So here I am again, all too willing to PAY people to do work they ADVERTISE for, and again essentially forced to "do it myself if I want it done right".


Here are two pictures of the factory forearm. The first shows the whole forearm with all the inletting. The second is a closeup of the inletting required for the hanger.

The next four pictures are of the persimmon forearm "blank" with the BWE fore end attached and ready for inletting and shaping.
First the "top". This is the barrel/inletting side.

This is the right side. Note the black figuring. Ebony. :)

Here's the bottom:

And finally, the left side:

Because this is now a genuine "build" instead of just an "assembly", I'll be providing pictures as I go along.

I came within a cat's whisker of using a very nice maple butt stock blank that Paul Hoskins gave me. It would be perfect except that it doesn't match the persimmon forearm I want to use. I'll save that butt for my next 'special' build. (I should be able to get both butt and forearm out of that piece of wood.)

I should (hope) to get the newly barreled action back in less than 6 weeks. I will be able to perform the preliminary inletting on both the butt and forearm without having to have the barreled action. I'll just use the factory pieces as models.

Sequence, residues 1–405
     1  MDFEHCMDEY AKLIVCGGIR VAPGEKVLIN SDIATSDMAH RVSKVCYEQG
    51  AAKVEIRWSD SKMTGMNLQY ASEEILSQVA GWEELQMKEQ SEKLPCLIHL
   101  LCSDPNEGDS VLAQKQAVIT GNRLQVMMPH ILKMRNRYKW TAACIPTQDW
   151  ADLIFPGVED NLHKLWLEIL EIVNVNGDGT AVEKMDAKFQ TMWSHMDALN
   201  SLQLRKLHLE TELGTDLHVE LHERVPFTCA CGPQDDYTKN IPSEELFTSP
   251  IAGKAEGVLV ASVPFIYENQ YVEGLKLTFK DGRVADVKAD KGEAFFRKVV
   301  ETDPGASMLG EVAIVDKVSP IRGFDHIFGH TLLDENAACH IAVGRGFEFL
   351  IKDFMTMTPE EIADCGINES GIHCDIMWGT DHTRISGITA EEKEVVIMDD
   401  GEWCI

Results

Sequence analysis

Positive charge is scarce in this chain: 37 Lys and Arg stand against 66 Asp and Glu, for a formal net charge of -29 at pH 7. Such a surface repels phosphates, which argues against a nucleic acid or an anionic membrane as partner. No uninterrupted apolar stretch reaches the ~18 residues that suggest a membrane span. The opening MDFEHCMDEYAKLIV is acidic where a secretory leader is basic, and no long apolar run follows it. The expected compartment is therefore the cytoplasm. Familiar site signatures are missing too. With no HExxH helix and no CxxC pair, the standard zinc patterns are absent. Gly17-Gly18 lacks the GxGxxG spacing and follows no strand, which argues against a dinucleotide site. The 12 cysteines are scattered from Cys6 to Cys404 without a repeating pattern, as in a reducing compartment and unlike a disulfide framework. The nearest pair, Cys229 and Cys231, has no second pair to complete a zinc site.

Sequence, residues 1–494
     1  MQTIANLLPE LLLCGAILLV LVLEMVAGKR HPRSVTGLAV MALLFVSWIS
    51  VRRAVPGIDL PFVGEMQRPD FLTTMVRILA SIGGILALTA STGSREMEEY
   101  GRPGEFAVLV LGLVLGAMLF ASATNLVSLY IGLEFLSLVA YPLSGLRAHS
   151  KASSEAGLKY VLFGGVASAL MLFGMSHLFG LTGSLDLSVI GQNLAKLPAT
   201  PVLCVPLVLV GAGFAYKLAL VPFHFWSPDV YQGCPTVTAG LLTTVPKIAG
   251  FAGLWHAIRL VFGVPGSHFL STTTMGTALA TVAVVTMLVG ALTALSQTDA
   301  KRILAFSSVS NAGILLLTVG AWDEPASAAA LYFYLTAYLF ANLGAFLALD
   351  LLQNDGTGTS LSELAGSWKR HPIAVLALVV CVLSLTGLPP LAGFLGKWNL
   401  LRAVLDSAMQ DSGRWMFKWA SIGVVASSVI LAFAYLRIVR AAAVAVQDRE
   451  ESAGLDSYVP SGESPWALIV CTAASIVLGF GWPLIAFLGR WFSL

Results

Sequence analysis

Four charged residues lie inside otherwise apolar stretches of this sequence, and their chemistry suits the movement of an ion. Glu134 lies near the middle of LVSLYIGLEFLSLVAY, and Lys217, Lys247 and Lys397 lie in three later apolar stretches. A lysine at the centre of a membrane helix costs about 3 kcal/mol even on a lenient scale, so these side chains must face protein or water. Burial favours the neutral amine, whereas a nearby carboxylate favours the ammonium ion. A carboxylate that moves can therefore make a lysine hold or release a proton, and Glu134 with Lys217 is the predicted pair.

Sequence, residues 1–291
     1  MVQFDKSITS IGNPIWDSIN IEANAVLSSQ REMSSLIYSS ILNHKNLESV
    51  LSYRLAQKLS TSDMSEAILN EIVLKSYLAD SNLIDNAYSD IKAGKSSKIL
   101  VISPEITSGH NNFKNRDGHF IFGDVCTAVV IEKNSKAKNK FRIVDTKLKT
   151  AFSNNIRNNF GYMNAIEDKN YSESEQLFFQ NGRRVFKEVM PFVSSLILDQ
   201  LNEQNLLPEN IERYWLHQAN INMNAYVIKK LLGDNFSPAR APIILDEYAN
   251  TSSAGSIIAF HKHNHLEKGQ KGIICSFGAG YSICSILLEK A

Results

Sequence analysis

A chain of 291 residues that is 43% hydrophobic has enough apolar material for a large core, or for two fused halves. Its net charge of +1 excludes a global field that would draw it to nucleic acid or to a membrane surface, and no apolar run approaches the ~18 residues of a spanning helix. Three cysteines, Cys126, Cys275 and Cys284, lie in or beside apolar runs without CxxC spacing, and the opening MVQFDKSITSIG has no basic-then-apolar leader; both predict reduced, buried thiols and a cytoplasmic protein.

I'll try to be conscientious about taking pictures, but no promises.


gitano 05-15-2018 09:51 AM

Re: Making Another .416x348 Win
By the way... I would like to enlist the THL 'army' in search of a good butt stock pattern. (I'm looking for an actual PATTERN, not a "design". I want something I can cut out and tape to a piece of wood to cut around.) It doesn't matter if it's for a Ruger falling block action or not. I can 'fix' it if it isn't. The most important feature is a straight wrist. I do NOT want a pistol grip. I also do NOT want the Ruger factory #3 butt. That thing looks a whole lot like a 2x4, and from what I read, makes felt recoil very unpleasant.

So, if you have, or can find a such a pattern, please let me know.


sakorick 05-15-2018 01:02 PM

Re: Making Another .416x348 Win
I'll poke around for one.

recoil junky 05-15-2018 01:46 PM

Re: Making Another .416x348 Win
No doubt this rifle will be elegant, but my past experience with Ruger #1's and one #3 has been less than stellar in the accuracy department. Too much :cens: :cens: mucking about with no rewards in accuracy. You will notice I do no bragging about any Ruger rifles in the accuracy department, only Remingtons.

My opinion only


sakorick 05-15-2018 02:53 PM

Re: Making Another .416x348 Win
That ebony looks like some of my Mun Ebony. I've used it many times on various projects and I think it really is a corker!

gitano 05-15-2018 04:26 PM

Re: Making Another .416x348 Win